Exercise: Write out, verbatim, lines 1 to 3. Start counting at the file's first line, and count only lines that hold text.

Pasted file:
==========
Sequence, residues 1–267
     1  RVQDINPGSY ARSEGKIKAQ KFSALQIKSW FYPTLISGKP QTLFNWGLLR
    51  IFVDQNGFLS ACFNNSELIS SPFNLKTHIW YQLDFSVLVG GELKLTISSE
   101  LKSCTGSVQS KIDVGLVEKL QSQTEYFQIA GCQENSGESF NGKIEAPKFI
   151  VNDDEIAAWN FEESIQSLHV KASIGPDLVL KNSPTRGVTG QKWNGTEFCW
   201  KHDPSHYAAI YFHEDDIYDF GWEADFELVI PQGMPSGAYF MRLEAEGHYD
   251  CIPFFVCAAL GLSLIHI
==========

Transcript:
Sequence, residues 1–267
     1  RVQDINPGSY ARSEGKIKAQ KFSALQIKSW FYPTLISGKP QTLFNWGLLR
    51  IFVDQNGFLS ACFNNSELIS SPFNLKTHIW YQLDFSVLVG GELKLTISSE